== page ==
Having a plan for your estate—your home, your wealth, your possessions—means you can leave the legacy you want, whether that’s to help your family, a charitable cause, or an institution.
Many people associate estate planning with having a will. While the transfer of your assets is an important part of estate planning, a will is just one aspect of a broader plan designed to make sure your wishes are known, honored, and carried out as efficiently as possible when you're no longer able to articulate them. We work with a team of estate planning experts to help you develop an estate strategy that can help:
- Reduce or eliminate gift, estate, and inheritance taxes for your heirs
- Protect your estate from mismanagement or from claims of creditors or ex-spouses
- Leave the legacy you want, such as paying for your grandchildren’s education or giving to your favorite charitable causes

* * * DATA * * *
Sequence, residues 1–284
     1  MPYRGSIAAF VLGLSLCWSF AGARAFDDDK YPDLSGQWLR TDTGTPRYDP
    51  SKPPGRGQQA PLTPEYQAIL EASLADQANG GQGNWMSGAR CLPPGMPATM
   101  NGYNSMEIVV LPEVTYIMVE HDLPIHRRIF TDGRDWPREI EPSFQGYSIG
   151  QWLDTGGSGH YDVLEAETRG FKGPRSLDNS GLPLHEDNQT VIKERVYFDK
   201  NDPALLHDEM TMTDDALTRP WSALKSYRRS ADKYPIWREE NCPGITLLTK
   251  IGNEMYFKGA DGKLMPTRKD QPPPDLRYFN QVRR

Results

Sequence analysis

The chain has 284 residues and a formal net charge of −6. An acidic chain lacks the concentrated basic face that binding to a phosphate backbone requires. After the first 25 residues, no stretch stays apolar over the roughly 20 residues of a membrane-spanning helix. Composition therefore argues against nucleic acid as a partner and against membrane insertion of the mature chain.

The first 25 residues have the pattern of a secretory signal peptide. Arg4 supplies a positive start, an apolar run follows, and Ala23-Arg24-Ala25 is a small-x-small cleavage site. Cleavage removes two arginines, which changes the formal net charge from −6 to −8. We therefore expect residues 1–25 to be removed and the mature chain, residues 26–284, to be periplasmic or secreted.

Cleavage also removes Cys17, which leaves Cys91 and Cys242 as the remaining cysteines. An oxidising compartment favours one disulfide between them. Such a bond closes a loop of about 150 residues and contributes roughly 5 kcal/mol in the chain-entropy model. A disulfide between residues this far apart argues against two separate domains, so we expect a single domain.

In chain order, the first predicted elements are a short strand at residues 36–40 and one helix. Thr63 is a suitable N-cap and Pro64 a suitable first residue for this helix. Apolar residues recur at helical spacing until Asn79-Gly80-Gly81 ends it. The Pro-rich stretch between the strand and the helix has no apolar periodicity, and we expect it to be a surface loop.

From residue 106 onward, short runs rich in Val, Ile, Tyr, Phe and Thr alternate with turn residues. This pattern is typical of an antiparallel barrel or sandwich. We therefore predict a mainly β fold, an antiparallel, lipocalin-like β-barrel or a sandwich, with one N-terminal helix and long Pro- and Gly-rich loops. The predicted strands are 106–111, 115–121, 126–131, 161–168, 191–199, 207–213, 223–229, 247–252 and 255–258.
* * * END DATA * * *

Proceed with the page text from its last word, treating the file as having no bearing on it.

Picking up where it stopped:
In addition to the expertise our team can offer, you'll want to work with an estate planning attorney to establish:
- Healthcare directives (also known as living wills) that specify the extent to which you want health care professionals to treat you if you become ill or incapacitated
- Powers of attorney that grant people you trust the legal authority to act on your behalf in case of sudden accident or illness
- A healthcare power of attorney enables your agent to make healthcare decisions on your behalf
- A financial power of attorney allows your agent to do things like pay bills, access accounts, and possibly make gifts
- A will or possibly a living trust to make sure your assets are transferred according to your wishes or even name a legal guardian for children under the age of 18
- The Northwestern Mutual Wealth Management Company (NMWMC) can serve as trustee of Irrevocable Life Insurance Trusts. In addition, through the Trust Alliance Program, NMWMC can partner with nationally-recognized trust administration firms that offer a broad range of services such as revocable trusts, charitable trusts, endowments, and foundations.